Albert Dzur is breaking ground in political theory by revealing how professionals who interact with laypeople can create valuable democratic practices. Democratic theory has generally been blind to the positive potential of work sites, and especially public sector sites such as schools, hospitals, and courtrooms. It has also generally overlooked the democratic contributions of professionals who choose to engage citizens. Often, populist democrats want to trim the wings of professionals, seeing them as arrogant. But engaging citizens in complex institutions requires skill, dedication, and a kind of expertise–all marks of professionalism. Democratic professionalism is thus an important aspect of civic renewal. (See also “Albert Dzur and democracy inside institutions” and “Public Work and Democratic Professionalism.“)
In the The Good Society (which is now the journal of civic studies), Albert has posted an interview with one such democratic professional, Donnan Stoicovy, who is the principal of Park Forest Elementary School in Pennsylvania. For my friends who are interested in civic education and school reform more than political theory, this interview offers a nice overview of a school-wide intervention. It is not unique or unprecedented, but it is thoughtful and impressive. In essence, the principal asked her whole student body to participate in the writing of a school constitution as a way of meeting the state’s mandate to produce a “school-wide positive behavior plan.”
In other schools, administrators hold assemblies and hand out rewards to well-behaved individuals. At Park Forest, the assemblies were deliberative events aimed at setting rules and norms. As I have observed in other cases as well, the kids came up with more demanding rules than their teachers would have proposed.
This case exemplifies professionalism in several respects. One that I would highlight is the need to navigate tricky tradeoffs. The kids’ rules included “No Put Downs” but also “Speak what we believe and not be judged for it.” Sometimes what we believe comes across as a put down of someone else, especially when the individuals in question are ten years old. Skillfully navigating those tensions is complex work.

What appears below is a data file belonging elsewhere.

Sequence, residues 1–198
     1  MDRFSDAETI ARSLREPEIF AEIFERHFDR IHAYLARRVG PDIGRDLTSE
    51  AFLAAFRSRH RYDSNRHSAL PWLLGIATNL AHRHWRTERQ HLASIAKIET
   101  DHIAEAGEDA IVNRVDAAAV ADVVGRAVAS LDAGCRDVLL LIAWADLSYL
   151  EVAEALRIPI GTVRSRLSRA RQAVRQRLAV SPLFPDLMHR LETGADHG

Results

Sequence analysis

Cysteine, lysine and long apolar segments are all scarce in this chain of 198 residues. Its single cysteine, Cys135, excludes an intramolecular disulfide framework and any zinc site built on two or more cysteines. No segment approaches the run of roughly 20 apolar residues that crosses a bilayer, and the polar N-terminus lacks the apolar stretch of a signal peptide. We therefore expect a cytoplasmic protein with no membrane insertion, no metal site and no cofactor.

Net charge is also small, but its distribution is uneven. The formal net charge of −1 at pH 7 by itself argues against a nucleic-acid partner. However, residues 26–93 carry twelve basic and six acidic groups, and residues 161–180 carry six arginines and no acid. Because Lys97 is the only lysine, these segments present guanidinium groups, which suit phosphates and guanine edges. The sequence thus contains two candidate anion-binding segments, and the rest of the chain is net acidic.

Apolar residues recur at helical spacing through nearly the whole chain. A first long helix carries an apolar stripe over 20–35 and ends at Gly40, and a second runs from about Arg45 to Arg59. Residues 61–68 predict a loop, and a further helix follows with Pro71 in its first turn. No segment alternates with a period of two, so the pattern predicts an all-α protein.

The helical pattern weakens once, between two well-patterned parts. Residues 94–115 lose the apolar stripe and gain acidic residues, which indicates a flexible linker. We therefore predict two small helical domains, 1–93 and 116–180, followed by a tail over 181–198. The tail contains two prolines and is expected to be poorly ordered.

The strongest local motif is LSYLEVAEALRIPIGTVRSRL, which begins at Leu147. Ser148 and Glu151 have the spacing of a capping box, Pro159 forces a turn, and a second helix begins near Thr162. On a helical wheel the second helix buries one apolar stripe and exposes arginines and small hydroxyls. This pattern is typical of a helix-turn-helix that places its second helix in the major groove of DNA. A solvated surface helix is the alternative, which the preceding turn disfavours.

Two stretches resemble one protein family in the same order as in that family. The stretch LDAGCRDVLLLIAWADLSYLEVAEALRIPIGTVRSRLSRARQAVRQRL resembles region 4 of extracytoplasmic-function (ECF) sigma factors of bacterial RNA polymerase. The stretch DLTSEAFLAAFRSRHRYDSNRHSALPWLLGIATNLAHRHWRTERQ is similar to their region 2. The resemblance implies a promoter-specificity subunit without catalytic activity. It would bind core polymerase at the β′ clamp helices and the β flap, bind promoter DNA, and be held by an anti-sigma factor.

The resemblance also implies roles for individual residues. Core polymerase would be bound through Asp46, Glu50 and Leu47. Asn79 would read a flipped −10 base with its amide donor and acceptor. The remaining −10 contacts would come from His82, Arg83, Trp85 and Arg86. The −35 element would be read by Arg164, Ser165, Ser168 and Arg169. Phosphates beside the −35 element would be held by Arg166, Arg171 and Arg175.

The interview ends with some discussion of expanding the scale of such examples. Stoicovy cites limited time as one obstacle; “and I think the other [need] is opportunity to collaborate with other people across the country—similar people who are thinking about this.”
Dzur asks whether universities could help. Stoicovy replies:
I would want everybody to know about democratic schools. I would want universities to be teaching more about democratic schools, in general. I would like more of the work at universities to be helping open students’ minds to thinking about having a responsive classroom, eliciting student voice and engaging students in their school. Not just “here’s what discipline is.” And oftentimes they don’t even teach that until they end up in school and it is modeled for them by whoever their mentor is. Universities need to go back to essential questions like “What is the purpose of public education?”
Universities could also model a more democratic approach. Some of them are getting better at having more engagement work, but without modeling it is hard to open peoples’ minds.